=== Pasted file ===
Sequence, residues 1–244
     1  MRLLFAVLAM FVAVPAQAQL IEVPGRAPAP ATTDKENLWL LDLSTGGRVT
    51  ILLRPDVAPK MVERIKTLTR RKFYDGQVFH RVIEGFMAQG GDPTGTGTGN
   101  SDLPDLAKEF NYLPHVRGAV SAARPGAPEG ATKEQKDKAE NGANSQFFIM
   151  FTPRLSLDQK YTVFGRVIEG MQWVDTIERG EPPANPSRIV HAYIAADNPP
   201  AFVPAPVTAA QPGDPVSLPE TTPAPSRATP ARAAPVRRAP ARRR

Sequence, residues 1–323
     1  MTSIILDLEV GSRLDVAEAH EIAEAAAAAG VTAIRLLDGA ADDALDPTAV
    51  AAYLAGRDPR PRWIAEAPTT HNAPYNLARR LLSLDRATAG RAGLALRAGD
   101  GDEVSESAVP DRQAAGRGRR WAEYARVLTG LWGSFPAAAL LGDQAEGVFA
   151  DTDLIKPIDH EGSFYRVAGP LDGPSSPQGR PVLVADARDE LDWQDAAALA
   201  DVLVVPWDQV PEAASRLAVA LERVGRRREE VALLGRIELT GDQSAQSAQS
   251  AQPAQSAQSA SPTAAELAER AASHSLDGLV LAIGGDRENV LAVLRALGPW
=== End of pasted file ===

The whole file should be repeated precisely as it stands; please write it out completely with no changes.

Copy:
Sequence, residues 1–244
     1  MRLLFAVLAM FVAVPAQAQL IEVPGRAPAP ATTDKENLWL LDLSTGGRVT
    51  ILLRPDVAPK MVERIKTLTR RKFYDGQVFH RVIEGFMAQG GDPTGTGTGN
   101  SDLPDLAKEF NYLPHVRGAV SAARPGAPEG ATKEQKDKAE NGANSQFFIM
   151  FTPRLSLDQK YTVFGRVIEG MQWVDTIERG EPPANPSRIV HAYIAADNPP
   201  AFVPAPVTAA QPGDPVSLPE TTPAPSRATP ARAAPVRRAP ARRR

Sequence, residues 1–323
     1  MTSIILDLEV GSRLDVAEAH EIAEAAAAAG VTAIRLLDGA ADDALDPTAV
    51  AAYLAGRDPR PRWIAEAPTT HNAPYNLARR LLSLDRATAG RAGLALRAGD
   101  GDEVSESAVP DRQAAGRGRR WAEYARVLTG LWGSFPAAAL LGDQAEGVFA
   151  DTDLIKPIDH EGSFYRVAGP LDGPSSPQGR PVLVADARDE LDWQDAAALA
   201  DVLVVPWDQV PEAASRLAVA LERVGRRREE VALLGRIELT GDQSAQSAQS
   251  AQPAQSAQSA SPTAAELAER AASHSLDGLV LAIGGDRENV LAVLRALGPW